Because it was stupid. It was like that guy at a party that tells the joke everyone has heard a million times. What Kaine said about Kennedy wasn’t even something that the retort directly related to (he didn’t compare himself to the man, but rather to the problem of Catholicism in public office): Kilgore just jumped on the word Kennedy. So, a good example of thinking on his feet? Not quite.

  6. Anonymous Avatar

    “If you’ll notice, Kaine’s negative message is much harsher than Kilgore’s–I’d take being called “too liberal” any day over being called “unfit.”

    Honestly, I doubt you would, considering how nasty a term “liberal” is in conservative circles. It is, after all, commonly refferred to as the depth of moral depravity, a mental disease, and so on.

    The pledge was silly in that Kaine has already spent far more on positive ad buys, and Kilgore on negative ad buys.

  7. Anonymous Avatar

    I recall that the blogosphere declared Kerry the winner in debates against Bush last year. This echo chamber led to the false impression that online analysis reflected the consensus of the voters. And, as we saw, that couldn’t have been farther from the truth.

    Few voters in Virginia are likely to have watched the entire debate. After 15 minutes, I changed the channel, having concluded I could discern nothing new about either candidate from the sniping.

    My politically moderate mother — both of us are undecided — told a friend after seeing Kilgore’s latest animated ad against Kaine, “If I was a Republican, I would have to vote for Kaine. That ad is just awful, and there’s no excuse for that.”

    An Undecided Voter

  8. Anonymous Avatar

    I friend called me from out-of-state after seeing the debate on CSPAN and they were basically in a state of shock at the quality of the candidates – particularly Kilgore who she said looked, “more canned than SPAM”.

    In addition, she mentioned that he (Kilgore) was in such a complete state of nervousness that she almost felt sorry for him. She noted that Kaine was just as bad in terms of being canned and that he’s just a better actor.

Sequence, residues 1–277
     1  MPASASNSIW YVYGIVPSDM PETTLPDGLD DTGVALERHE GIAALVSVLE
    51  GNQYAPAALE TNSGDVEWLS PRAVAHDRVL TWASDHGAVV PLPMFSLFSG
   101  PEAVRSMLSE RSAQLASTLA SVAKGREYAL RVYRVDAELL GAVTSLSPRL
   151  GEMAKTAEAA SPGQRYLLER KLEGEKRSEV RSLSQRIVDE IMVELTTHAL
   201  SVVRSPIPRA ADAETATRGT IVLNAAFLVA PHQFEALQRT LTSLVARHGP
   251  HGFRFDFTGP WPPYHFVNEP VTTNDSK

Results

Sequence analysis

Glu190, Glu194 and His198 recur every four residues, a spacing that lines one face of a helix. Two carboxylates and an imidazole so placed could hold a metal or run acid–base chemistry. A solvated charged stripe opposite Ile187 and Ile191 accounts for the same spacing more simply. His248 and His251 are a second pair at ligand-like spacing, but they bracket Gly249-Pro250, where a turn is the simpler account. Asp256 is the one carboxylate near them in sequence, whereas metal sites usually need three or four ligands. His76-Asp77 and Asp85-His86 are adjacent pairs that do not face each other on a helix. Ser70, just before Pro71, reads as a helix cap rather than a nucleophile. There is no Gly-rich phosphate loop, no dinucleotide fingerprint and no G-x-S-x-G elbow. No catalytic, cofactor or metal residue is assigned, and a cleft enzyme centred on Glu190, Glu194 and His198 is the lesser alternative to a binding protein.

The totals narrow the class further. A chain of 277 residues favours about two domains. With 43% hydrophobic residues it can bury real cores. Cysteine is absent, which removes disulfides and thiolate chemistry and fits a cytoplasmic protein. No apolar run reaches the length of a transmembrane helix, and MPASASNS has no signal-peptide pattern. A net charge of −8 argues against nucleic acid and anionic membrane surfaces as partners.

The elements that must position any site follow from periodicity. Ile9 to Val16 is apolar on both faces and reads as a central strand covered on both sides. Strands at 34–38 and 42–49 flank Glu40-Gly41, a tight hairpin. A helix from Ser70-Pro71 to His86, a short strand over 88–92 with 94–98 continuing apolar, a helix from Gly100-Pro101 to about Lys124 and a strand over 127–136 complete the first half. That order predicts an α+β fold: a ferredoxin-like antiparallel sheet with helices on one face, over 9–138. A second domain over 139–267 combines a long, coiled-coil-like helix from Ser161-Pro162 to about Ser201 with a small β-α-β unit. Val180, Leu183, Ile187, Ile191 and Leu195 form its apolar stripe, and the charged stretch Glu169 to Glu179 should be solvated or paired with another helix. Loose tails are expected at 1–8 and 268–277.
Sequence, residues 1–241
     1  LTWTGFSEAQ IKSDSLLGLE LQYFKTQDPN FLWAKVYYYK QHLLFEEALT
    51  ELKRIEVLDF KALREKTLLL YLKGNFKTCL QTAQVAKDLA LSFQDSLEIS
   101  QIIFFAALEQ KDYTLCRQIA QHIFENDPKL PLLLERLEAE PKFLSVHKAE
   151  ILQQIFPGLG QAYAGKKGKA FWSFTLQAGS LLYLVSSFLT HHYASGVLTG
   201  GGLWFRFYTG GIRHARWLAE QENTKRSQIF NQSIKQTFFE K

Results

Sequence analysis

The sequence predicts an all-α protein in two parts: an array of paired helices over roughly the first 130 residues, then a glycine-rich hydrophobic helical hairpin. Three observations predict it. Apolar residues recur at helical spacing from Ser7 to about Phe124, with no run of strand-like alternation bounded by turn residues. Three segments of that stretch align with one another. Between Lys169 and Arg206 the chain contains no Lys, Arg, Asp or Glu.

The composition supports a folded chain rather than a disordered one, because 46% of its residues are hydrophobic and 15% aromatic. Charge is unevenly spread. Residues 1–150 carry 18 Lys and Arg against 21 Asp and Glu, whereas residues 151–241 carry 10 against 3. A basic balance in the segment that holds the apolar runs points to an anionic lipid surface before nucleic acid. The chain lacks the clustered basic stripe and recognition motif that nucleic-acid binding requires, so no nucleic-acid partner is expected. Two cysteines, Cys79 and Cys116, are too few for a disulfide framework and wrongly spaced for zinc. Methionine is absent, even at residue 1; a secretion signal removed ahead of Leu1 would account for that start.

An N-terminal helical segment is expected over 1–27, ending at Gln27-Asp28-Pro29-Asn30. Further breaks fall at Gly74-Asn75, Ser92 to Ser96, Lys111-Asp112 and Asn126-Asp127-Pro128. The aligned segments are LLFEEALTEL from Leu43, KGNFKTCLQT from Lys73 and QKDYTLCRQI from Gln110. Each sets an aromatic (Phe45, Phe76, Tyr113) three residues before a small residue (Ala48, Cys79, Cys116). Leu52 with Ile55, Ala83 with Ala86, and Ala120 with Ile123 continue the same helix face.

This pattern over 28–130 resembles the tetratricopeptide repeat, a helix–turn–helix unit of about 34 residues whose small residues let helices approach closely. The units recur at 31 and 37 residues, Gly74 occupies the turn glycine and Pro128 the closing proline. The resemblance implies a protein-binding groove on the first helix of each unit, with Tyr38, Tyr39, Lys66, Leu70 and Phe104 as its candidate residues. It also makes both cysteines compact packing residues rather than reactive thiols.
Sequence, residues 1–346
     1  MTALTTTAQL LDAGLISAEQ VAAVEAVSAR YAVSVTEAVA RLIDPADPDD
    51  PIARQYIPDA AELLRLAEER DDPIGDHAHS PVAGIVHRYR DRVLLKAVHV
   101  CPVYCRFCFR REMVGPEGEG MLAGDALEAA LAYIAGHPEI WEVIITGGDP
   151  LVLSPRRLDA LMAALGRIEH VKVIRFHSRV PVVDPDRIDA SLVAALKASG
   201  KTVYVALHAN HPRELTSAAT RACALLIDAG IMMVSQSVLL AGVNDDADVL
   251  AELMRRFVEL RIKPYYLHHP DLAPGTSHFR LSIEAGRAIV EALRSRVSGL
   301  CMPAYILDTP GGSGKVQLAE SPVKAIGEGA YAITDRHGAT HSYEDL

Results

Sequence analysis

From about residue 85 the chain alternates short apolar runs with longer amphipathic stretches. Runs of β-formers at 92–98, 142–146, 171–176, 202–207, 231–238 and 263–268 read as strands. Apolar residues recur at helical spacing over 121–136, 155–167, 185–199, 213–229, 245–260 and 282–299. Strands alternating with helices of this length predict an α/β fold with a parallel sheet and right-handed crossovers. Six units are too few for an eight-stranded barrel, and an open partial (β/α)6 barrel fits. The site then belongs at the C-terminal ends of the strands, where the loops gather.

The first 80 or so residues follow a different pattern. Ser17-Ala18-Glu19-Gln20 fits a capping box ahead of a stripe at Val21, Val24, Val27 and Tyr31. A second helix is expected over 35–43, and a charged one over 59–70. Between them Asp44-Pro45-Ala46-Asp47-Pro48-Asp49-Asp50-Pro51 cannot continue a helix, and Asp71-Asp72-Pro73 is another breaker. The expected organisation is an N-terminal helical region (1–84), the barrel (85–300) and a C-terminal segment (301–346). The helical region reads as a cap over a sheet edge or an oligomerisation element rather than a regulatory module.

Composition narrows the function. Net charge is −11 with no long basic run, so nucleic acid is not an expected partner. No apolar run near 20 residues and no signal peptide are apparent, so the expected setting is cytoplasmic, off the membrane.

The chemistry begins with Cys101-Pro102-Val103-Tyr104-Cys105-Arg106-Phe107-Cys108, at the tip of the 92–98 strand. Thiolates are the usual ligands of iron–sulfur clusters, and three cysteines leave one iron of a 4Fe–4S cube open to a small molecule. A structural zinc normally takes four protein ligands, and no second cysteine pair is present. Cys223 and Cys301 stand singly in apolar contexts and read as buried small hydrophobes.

I agree that few voters are likely to watch the entire debate. It was overproduced and had more of a game show appearance rather than the look of a political debate.

  9. Anonymous Avatar

    >>We should lose the hang-up about negative ads and especially giving Kaine credit for his “pledge.” << Except Kaine just abondoned his pledge immediately after the cameras were off of him. “After the debate, however, Kaine said he would not include responses to Kilgore’s attack ads as negative – even if they are critical of the Republican.”

  10. criticallythinking Avatar

    A comment about Larry Sabato injecting himself. On his last question, he assumed that he, Larry Sabato, knew what the people wanted, and had the authority to order the candidates to accept his view.

    Thus he asked a question for which HE believed there was a “right” answer and a “wrong” answer.

    A good debate moderator should NEVER ask questions which are quizes. It demeans the process, and the candidates.

    A smart candidate would have slapped him down first, refusing to accept the premise of his question.

    Of course, that is somewhat what Kilgore did, by answering that he would take responsibility for his ads and run the ads he thought was necessary for the people of Virginia to get the message of this election.

    A little later, after Kaine’s answer, Larry said something like “so we have one pledge”, thus passing judgment over the answers.

    That was amateurish.

    I’m saving my substantive comment about the answers for later.

  11. Anonymous Avatar

    Here is another take on the debate.,0,3841236.story?coll=dp-opinion-editorials

    My favorite passage:

    About taxes, Kilgore said, “The test is not whether you’ve cut a tax here or there, but what has happened to the overall tax burden.”

    Oh, yeah? Well, here’s a news flash: Virginia sports the lowest state tax cost to business in the United States. The income tax hasn’t been appreciably changed since the 1920s, the sales tax is grounded on economic assumptions from the 1960s, and the property tax hasn’t been reformed since Jamestown.

    Any candidate willing to summon some perspective and honesty on the subject would recognize that all the talk about tax reform a few years ago was just that: talk. The fiscal/political arrangement between Virginia state and local government, oft-examined and in supreme detail, is bereft of logic and spectacularly short on efficiency. The test for the next governor is whether he can, one, intellectually grasp the economic consequences of that reality and, two, acquire the will to do something about it.

    Both Kaine and Kilgore favor removing the remaining local property tax on cars, though Kilgore clearly believes it will be a snap. The current arrangement has a line item in the state budget to reimburse localities for more than half of the tax, so that car owners don’t have to pay it. That costs Virginia about a billion dollars a year, and to remove the remaining portion will cost a billion more.

    How does that commitment fit in with other state priorities, including the costs of fully funding the state pension system, meeting state educational standards, putting two new prisons online, covering the rising cost of nursing-home care through Medicaid and holding down tuition costs at state-supported colleges and universities?

    Answer: It doesn’t. It’s fairyland finances, a trip through the lush meadows of “promise ’em anything if it gets you elected.” Only Potts, the state senator from Winchester running as an independent but prevented by the sponsors from participating in Sunday’s debate, keeps budget talk grounded in reality.